A relentlessly inventive collection of myths that betray a deep love and respect for the natural world, the "Penguin Classics" edition of Rudyard Kipling's "Just So Stories" is edited with an introduction by Judith Plotz and a general preface by series editor Jan Montefiore. In these bewitching stories we learn "How the Camel got his Hump", "How ...
A relentlessly inventive collection of myths that betray a deep love and respect for the natural world, the "Penguin Classics" edition of Rudyard Kipling's "Just So Stories" is edited with an introduction by Judith Plotz and a general preface by series editor Jan Montefiore. In these bewitching stories we learn "How the Camel got his Hump", "How the Leopard got his Spots" and "How the Whale got his Throat", as Rudyard Kipling conjures up distant lands, beautiful gardens of splendid palaces, the sea, the deserts, the jungle and all its creatures. Inspired by Kipling's delight in human eccentricities and the animal world, and based on bedtime stories he told to his daughter, these strikingly imaginative fables explore the myths of creation, the nature of beasts and the origins of language and writing. They are linked by poems and scattered with Kipling's illustrations, which contain hidden jokes, symbols and puzzles. Among Kipling's most loved works, the "Just So Stories" have been continually in print since 1902. Part of a series of new editions of Kipling's works in "Penguin Classics", this volume contains a General Preface by Jan Montefiore and an introduction by Judith Plotz exploring the origins of the stories in Kipling's own life and in folklore, their place in classic children's literature and their extraordinary language. Rudyard Kipling (1865-1936) was born in Bombay. In 1882 he started work as a journalist in India, and while there produced a body of work, stories, sketches and poems - notably "Plain Tales from the Hills" (1888) - which made him an instant literary celebrity when he returned to England in 1889. His most famous works include "The Jungle Book" (1894), "Kim" (1901) and the "Just So Stories" (1902). Kipling refused to accept the role of Poet Laureate and other civil honours, but he was the first English writer to be awarded the Nobel Prize, in 1907. If you enjoyed "Just So Stories", you might like "Selected Tales by the Brothers Grimm", also available in "Penguin Classics".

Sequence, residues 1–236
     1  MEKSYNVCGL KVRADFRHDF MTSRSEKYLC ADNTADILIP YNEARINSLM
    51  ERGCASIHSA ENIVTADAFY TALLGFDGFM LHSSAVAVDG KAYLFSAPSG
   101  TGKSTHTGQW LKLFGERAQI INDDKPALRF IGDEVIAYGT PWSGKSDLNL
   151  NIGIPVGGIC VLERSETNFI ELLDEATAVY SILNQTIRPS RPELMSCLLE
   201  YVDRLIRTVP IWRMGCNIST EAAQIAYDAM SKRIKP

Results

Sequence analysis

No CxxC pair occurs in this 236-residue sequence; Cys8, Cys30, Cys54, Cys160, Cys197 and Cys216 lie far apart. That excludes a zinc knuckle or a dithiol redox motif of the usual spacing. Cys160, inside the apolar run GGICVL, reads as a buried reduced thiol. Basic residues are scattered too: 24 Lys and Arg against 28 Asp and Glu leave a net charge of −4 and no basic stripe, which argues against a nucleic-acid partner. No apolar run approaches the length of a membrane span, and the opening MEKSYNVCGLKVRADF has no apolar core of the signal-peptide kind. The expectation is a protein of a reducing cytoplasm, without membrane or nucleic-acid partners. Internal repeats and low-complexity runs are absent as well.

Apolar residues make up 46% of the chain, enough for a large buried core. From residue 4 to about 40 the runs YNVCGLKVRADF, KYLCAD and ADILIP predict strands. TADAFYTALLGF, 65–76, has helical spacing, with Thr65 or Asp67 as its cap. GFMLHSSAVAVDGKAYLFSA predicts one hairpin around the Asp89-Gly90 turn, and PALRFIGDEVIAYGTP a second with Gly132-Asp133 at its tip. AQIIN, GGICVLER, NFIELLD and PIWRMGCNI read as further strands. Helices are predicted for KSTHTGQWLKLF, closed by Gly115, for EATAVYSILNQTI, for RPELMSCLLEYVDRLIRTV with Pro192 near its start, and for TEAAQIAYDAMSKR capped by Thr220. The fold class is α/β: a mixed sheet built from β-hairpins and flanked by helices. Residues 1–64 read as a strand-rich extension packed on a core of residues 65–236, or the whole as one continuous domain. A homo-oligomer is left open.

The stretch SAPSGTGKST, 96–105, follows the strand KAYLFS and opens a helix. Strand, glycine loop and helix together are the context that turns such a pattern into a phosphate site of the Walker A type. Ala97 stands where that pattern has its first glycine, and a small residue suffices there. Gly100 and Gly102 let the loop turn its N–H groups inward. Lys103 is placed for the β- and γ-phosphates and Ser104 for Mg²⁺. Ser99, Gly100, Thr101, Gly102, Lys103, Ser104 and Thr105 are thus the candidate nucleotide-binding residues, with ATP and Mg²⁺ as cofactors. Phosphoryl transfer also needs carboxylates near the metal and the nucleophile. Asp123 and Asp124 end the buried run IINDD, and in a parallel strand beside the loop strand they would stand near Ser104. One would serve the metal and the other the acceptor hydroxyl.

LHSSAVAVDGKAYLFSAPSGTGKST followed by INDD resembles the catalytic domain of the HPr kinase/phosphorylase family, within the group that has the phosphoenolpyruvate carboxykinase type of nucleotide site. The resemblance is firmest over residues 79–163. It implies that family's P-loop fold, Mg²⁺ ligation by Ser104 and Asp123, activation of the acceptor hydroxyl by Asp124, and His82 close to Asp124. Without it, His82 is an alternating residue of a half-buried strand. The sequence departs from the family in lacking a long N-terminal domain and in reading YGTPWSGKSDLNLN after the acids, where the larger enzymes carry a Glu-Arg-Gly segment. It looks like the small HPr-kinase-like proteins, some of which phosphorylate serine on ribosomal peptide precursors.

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Publishers Weekly, 2013-09-02 In the first of two planned volumes, Wallace uses a mix of watercolor, crayon, pastel, and chalk to honor the wild invention and wilder language of Kipling's classic tales of anthropomorphic animals, adventure, and absurdity. Six stories appear-including "How the Whale Got His Throat" and "How the Rhinoceros Got His Skin"-and Wallace contributes four or so full-page images for each tale. The illustrations blend playfulness with arresting imagery, providing an enticing entry point for readers. In the fiery, sunset-hued opening scene of "The Elephant's Child," the snub-nosed elephant "with his 'satiable curiosities" gets a firm kick from his aunt Ostrich, while the camel in "How the Camel Got His Hump" is shown in skeletal profile as his impertinent "Humph!" is transformed into his trademark hump. Ages 5-up. (Sept.) (c) Copyright PWxyz, LLC. All rights reserved.
Publishers Weekly, 2001-07-09 HarperChildren's Audio continues its re-release rollout of classic backlist titles with Rudyard Kipling's Just So Stories and Other Tales performed by the late British actor Boris Karloff. Just So stories include "How the Leopard Got His Spots" and "The Elephant's Child"; the "other stories" are tales from Kipling's The Jungle Book, including "Mowgli's Brothers." (July) (c) Copyright PWxyz, LLC. All rights reserved
Publishers Weekly, 1991-09-27 The graceful prose and pungent humor of these 12 tall tales (which include such favorites as ``How the Camel Got His Hump'' and ``The Elephant's Child'') place them in the same league with such children's classics as Winnie the Pooh and Alice in Wonderland. Kipling's verbal dexterity remains audible over time--even the openings of his fantastic fictions hark to a golden age of storytelling. Frampton's elegant, elaborately detailed woodcuts are attractive embellishments to this hefty 122-page collection. Stylistically, however, they are perhaps more suited to the tastes of adults than children, as they are neither as colorful nor as playful as the stories. They do not reach out and hook the audience in the distinctive, visually arresting manner needed to keep pace with this eminent author's topsy-turvy logic. Ages 8-12. (Oct.)
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